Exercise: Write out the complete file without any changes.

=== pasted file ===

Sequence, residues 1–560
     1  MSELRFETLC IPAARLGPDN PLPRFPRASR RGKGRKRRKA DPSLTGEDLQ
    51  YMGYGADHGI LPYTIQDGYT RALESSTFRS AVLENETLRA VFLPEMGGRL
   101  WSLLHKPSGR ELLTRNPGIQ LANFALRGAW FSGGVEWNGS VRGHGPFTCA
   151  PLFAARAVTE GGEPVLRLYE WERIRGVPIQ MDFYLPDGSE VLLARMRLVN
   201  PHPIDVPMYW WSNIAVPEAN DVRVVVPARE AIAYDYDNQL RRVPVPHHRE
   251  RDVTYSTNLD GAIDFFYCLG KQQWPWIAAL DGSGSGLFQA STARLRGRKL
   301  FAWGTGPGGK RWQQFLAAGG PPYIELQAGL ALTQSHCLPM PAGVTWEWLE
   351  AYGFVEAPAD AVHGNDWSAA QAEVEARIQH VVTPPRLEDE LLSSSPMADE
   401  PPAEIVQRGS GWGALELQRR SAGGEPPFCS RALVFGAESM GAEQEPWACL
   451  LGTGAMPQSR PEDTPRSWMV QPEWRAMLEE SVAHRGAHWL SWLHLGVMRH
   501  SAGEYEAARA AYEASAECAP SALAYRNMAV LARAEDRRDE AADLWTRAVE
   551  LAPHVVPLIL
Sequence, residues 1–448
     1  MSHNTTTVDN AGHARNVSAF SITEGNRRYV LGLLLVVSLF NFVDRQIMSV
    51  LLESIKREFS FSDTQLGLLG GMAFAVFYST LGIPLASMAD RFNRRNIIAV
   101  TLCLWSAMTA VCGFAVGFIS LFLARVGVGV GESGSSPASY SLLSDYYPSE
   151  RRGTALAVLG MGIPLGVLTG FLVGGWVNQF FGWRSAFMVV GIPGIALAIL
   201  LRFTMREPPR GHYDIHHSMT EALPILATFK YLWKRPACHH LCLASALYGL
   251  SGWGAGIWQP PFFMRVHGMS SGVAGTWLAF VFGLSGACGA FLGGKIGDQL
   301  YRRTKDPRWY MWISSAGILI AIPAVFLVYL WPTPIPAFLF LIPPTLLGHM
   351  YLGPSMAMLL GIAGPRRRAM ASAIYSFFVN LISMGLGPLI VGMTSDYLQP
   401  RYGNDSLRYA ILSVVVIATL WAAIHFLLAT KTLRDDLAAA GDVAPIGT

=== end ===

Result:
Sequence, residues 1–560
     1  MSELRFETLC IPAARLGPDN PLPRFPRASR RGKGRKRRKA DPSLTGEDLQ
    51  YMGYGADHGI LPYTIQDGYT RALESSTFRS AVLENETLRA VFLPEMGGRL
   101  WSLLHKPSGR ELLTRNPGIQ LANFALRGAW FSGGVEWNGS VRGHGPFTCA
   151  PLFAARAVTE GGEPVLRLYE WERIRGVPIQ MDFYLPDGSE VLLARMRLVN
   201  PHPIDVPMYW WSNIAVPEAN DVRVVVPARE AIAYDYDNQL RRVPVPHHRE
   251  RDVTYSTNLD GAIDFFYCLG KQQWPWIAAL DGSGSGLFQA STARLRGRKL
   301  FAWGTGPGGK RWQQFLAAGG PPYIELQAGL ALTQSHCLPM PAGVTWEWLE
   351  AYGFVEAPAD AVHGNDWSAA QAEVEARIQH VVTPPRLEDE LLSSSPMADE
   401  PPAEIVQRGS GWGALELQRR SAGGEPPFCS RALVFGAESM GAEQEPWACL
   451  LGTGAMPQSR PEDTPRSWMV QPEWRAMLEE SVAHRGAHWL SWLHLGVMRH
   501  SAGEYEAARA AYEASAECAP SALAYRNMAV LARAEDRRDE AADLWTRAVE
   551  LAPHVVPLIL
Sequence, residues 1–448
     1  MSHNTTTVDN AGHARNVSAF SITEGNRRYV LGLLLVVSLF NFVDRQIMSV
    51  LLESIKREFS FSDTQLGLLG GMAFAVFYST LGIPLASMAD RFNRRNIIAV
   101  TLCLWSAMTA VCGFAVGFIS LFLARVGVGV GESGSSPASY SLLSDYYPSE
   151  RRGTALAVLG MGIPLGVLTG FLVGGWVNQF FGWRSAFMVV GIPGIALAIL
   201  LRFTMREPPR GHYDIHHSMT EALPILATFK YLWKRPACHH LCLASALYGL
   251  SGWGAGIWQP PFFMRVHGMS SGVAGTWLAF VFGLSGACGA FLGGKIGDQL
   301  YRRTKDPRWY MWISSAGILI AIPAVFLVYL WPTPIPAFLF LIPPTLLGHM
   351  YLGPSMAMLL GIAGPRRRAM ASAIYSFFVN LISMGLGPLI VGMTSDYLQP
   401  RYGNDSLRYA ILSVVVIATL WAAIHFLLAT KTLRDDLAAA GDVAPIGT